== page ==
A J P Taylor
- Category : Education-Librarian
- Type : ME
- Profile : 6/3 - Role Model / Martyr
- Definition : Split - Small (40)
- Incarnation Cross : LAX Healing 1
British TV personality, journalist and one of the most influential British historians of the 20th century.
Noted as a formidable scholar, he has also written some 26 books, including "Origins of the Second World War" and an autobiography "A Personal History ," 1983.
Born of Quaker ancestry, Alan John Percivale Taylor was the only son of Percy Lees and Constance Sumner Taylor. (Their first child, a girl named Miriam, died before Alan was born.) From 1919-1924 he attended Bootham School in York. He also attended Oriel College, Oxford. After graduation in 1927, he studied in Vienna on a Rockefeller Fellowship. Taylor began his career as a history lecturer at Manchester University (1930-1938). In 1938 he returned to Oxford as fellow and tutor in modern history at Magdalen College. He remained at Magdalen College until 1963. From 1953 to 1963 he was also a lecturer in international history to the entire university. He is known as a superb teacher, "stimulating often inspiring, sometimes infuriating," for whom "the paradox is his favorite method." The same qualities have made him a highly successful journalist, and one of the most effective and popular lecturers on British television.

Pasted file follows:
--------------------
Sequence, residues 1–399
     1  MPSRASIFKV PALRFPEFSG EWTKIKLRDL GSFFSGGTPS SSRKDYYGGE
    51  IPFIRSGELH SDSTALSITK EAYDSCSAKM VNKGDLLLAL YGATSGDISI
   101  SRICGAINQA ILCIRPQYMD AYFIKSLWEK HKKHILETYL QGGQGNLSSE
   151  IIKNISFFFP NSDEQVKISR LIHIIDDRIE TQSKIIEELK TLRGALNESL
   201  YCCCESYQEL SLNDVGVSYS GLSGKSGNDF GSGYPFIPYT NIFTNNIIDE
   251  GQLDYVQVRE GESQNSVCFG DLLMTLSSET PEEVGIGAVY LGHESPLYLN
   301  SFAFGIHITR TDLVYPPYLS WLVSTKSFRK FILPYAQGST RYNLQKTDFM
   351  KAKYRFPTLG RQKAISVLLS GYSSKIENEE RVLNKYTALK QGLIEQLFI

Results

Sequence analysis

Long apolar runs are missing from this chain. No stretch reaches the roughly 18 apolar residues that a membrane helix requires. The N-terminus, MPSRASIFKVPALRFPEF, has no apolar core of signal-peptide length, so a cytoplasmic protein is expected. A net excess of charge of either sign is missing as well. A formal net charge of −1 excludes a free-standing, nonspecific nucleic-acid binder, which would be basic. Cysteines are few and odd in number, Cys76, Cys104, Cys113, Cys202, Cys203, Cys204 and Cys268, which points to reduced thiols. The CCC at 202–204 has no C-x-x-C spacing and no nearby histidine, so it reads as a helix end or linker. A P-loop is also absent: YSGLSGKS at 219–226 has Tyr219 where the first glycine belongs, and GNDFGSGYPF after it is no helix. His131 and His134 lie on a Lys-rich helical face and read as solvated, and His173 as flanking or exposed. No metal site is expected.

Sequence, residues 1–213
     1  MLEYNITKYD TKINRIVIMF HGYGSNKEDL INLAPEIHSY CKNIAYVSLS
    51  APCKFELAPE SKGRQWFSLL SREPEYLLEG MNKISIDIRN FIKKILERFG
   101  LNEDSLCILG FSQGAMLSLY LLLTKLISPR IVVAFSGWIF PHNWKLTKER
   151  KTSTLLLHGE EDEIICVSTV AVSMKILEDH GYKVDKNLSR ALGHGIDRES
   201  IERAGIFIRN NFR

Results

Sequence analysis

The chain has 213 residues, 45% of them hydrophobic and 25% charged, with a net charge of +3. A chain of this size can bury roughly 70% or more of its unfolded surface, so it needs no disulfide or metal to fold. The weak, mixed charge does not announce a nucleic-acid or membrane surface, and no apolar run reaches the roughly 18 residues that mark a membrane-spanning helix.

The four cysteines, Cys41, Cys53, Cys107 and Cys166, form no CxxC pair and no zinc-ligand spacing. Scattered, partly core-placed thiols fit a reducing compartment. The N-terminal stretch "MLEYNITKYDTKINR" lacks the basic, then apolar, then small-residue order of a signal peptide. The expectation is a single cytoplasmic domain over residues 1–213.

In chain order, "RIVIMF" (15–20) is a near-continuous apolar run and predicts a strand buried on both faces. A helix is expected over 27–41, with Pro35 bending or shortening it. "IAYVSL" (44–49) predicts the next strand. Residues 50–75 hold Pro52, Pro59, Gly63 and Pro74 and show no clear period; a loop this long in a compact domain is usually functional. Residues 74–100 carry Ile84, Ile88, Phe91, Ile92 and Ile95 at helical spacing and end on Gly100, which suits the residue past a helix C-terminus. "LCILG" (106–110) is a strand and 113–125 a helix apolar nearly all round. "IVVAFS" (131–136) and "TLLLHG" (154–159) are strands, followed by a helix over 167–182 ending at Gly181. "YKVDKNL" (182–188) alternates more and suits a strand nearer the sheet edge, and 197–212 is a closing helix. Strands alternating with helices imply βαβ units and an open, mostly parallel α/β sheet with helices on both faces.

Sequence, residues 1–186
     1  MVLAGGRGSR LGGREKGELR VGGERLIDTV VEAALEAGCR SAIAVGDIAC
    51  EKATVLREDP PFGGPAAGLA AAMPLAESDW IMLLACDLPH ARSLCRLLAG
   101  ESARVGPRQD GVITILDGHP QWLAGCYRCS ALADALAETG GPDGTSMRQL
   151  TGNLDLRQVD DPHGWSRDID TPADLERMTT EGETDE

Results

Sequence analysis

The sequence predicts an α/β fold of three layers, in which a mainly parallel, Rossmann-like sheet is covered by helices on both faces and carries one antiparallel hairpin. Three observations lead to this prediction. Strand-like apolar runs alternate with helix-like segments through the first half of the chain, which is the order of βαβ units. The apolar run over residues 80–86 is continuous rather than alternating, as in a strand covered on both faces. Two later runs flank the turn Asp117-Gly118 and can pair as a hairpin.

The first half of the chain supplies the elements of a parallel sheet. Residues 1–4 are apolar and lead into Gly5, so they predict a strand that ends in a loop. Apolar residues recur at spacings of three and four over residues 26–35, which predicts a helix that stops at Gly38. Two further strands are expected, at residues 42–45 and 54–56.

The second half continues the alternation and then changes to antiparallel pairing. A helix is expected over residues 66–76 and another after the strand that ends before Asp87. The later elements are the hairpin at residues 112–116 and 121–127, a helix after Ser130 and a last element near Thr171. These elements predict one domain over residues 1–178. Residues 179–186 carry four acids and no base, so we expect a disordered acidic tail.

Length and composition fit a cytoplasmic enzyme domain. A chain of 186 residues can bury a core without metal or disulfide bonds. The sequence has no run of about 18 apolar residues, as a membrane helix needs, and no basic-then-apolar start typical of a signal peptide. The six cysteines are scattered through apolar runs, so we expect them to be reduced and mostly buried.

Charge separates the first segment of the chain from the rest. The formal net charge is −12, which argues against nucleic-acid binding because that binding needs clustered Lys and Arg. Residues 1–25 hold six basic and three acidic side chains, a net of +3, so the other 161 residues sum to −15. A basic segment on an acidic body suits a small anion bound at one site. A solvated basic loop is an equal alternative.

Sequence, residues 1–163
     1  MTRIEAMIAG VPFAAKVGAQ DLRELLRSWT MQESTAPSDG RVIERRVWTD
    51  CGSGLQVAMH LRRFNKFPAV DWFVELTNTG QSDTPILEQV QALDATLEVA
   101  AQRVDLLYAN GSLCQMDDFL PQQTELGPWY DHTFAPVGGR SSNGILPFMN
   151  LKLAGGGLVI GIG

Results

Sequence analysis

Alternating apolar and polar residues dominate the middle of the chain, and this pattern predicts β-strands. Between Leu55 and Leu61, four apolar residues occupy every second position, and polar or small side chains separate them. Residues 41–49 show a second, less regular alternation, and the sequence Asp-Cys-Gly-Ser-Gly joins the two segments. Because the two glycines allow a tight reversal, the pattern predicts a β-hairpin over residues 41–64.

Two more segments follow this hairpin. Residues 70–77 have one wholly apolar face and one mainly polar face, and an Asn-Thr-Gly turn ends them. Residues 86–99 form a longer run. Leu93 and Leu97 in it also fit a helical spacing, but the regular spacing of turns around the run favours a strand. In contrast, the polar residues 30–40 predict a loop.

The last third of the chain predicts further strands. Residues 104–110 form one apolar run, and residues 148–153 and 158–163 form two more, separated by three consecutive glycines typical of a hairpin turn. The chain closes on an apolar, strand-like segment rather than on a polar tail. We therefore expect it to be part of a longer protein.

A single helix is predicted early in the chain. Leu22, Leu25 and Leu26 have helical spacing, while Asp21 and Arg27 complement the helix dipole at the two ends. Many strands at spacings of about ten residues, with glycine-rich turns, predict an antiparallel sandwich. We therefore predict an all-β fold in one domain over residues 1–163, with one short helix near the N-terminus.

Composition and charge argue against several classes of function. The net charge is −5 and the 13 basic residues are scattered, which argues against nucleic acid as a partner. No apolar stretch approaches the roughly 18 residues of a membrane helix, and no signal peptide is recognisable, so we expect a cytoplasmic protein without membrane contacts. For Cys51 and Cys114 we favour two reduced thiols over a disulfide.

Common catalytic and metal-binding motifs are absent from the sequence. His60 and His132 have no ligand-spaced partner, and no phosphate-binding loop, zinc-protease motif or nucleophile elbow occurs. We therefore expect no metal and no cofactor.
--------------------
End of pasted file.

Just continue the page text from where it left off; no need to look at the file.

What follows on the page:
In his first book, "The Italian Problem in European Diplomacy," 1847-1849 (1934), Taylor argued that the history of Europe could be seen as a series of conflicts between assumptions made by statesmen over the years. "The Origins of the Second World War" created quite a stir with its apparent complete reversal of his previous "Germanophobic" opinions. He argued that: "The war of 1939, far from being premeditated, was a mistake, the result on both sides of diplomatic blunders."
The most notable of his subsequent books, "English History", 1914-1945, covered the two world wars, the Great Depression, politics, strategy and social welfare. It is widely held to be the best one-volume work on the subject. Taylor has been called "the pyrotechnician of history" because of his provocative insights, ability to write highly readable narratives and his scintillating prose style.
He "escaped with relief" from teaching in 1963 to become honorary director of the Beaverbrook Library in London and a research fellow of Magdalen College. Taylor is or has been a contributor to a wide variety of newspapers. His television appearances have made him a familiar face to millions in England. "The tousled face; the quizzical smile; the light voice with the broad Lancashire vowels; the intense nervous vitality and emotional warmth; the sudden rat-trap snap of the mouth, the air of mischievous gaiety like a small boy playing truant from school."
He made three marriages by 1976; six children.
Taylor died of Parkinson's Disease 9/07/1990, London.